Where Cuthill had called on public records to substantiate his position, Jeffs cited the integrity of his oral sources. He called to his defence old-fashioned standards taught in the local Won Wron school, which he and his father had attended, where he first presented the story at a Back-to-School celebration held at Easter in 1959:
I wish ‘The Journal’ readers and all interested to know that we old scholars of Won Wron school, including my father and myself, were never educated to propound colourful and amplified stories to interest ANYBODY'S imagination much less a fascinating romance as Mr. Cuthill puts it. We were there taught to at all times keep to the true facts of our case…
Also crucial to Jeffs’ argument as custodian of local history was the standing within the local community of those who attested to the story's accuracy. William Paragreen, he said, ‘was known throughout South Gippsland where he lived all but six years of his long life, as a man whose word and honor were beyond reproach … So clear was his intellect and accurate his stories that what he related was taken without question’. Mr William Bodman:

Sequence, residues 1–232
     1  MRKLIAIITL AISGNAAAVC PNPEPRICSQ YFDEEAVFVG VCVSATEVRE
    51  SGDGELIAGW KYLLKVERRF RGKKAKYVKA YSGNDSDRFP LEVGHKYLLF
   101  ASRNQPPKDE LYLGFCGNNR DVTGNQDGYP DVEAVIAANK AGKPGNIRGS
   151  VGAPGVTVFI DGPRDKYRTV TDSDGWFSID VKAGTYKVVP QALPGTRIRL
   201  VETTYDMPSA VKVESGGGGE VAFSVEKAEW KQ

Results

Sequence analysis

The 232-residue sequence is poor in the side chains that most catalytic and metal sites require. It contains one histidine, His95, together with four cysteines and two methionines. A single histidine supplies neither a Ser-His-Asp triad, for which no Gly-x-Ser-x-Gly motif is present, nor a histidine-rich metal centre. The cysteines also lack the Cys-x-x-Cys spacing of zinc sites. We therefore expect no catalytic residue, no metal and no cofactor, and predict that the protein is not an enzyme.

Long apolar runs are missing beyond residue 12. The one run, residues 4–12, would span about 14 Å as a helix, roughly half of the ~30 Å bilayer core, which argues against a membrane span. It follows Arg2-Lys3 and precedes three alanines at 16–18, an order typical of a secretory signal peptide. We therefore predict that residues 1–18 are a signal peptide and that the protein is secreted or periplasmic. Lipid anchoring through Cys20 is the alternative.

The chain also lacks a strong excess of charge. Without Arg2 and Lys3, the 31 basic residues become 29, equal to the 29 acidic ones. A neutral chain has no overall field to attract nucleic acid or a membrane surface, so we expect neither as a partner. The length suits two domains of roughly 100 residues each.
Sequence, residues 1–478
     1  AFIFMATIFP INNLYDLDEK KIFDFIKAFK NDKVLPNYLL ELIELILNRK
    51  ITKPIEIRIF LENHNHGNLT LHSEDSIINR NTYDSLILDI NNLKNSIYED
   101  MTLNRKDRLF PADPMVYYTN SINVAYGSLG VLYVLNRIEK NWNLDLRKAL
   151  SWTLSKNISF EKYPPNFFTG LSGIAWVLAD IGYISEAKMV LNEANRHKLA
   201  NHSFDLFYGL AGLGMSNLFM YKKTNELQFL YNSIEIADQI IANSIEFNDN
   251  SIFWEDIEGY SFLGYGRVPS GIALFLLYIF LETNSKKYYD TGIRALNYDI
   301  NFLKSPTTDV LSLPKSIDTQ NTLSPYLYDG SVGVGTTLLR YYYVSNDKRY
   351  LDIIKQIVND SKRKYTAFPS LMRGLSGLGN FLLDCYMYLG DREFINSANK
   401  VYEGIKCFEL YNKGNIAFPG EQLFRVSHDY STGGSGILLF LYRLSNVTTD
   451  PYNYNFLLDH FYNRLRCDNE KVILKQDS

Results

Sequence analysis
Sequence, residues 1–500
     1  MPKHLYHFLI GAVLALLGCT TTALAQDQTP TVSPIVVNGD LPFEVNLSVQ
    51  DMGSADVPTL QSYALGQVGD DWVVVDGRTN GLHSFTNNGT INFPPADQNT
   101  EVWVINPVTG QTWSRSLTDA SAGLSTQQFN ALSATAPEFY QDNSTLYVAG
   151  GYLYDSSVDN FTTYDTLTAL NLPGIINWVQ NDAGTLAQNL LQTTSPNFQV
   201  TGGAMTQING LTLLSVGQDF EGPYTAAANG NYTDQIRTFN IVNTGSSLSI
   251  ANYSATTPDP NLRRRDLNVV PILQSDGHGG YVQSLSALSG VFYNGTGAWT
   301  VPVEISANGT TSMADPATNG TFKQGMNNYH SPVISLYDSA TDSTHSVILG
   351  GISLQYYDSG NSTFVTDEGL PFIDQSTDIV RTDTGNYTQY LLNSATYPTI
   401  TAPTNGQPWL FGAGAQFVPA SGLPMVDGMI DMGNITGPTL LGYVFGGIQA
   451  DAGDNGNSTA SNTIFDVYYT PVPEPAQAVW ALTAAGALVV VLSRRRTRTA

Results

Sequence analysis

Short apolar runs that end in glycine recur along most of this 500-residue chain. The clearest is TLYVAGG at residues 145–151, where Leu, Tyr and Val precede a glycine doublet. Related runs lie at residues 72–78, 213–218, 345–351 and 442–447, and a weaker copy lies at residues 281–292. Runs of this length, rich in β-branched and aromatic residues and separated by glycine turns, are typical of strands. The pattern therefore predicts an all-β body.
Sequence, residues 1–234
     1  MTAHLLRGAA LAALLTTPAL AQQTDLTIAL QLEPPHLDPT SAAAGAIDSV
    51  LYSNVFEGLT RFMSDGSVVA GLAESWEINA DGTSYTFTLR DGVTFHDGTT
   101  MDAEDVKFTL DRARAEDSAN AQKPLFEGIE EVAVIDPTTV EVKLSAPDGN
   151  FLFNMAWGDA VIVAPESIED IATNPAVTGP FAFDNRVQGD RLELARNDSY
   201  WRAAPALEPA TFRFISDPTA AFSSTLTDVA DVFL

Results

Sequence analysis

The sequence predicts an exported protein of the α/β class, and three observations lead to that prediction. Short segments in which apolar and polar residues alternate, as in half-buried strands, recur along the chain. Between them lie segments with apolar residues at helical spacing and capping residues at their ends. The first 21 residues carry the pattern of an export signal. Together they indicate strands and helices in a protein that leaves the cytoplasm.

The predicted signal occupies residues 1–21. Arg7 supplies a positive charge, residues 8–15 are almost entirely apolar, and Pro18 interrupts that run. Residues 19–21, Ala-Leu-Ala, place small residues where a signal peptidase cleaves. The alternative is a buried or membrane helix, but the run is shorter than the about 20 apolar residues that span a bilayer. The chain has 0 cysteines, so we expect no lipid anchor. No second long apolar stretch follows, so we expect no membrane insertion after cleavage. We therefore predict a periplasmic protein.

… a life-long resident of Won Wron and former pupil of Won Wron school too, remembers his ‘Uncle Harry’, over 40 years ago, pointing out to him the place where the rescue took place. ‘Uncle Harry’, the late H. G. Bodman, M.L.A., was a shire councillor, Justice of the Peace, and at his death a Member of Parliament for Gippsland South. A man whose statements were accepted without question.
Jeffs’ comment that ‘[a] study of his criticism shows plainly to us, South Gippslanders that Mr. Cuthill is not a kindred spirit’ indicates the fierceness of attachment to, and emotional investment in, the story as local history. As an ‘outsider’, Cuthill's greatest offence, as another old Won Wron ‘Schoolboy’ acknowledged, was to presume to know more about Won Wron history than the locals and to attempt to take ownership of the story out of their control. Cuthill's position as an outsider, neither South Gippslander nor ‘kindred spirit’, is evidence of the demarcations and territoriality which structure the production of Gippsland history/ies. This is articulated in Jeffs’ description of the response of the old ‘Schoolboy’ on being shown Cuthill's article: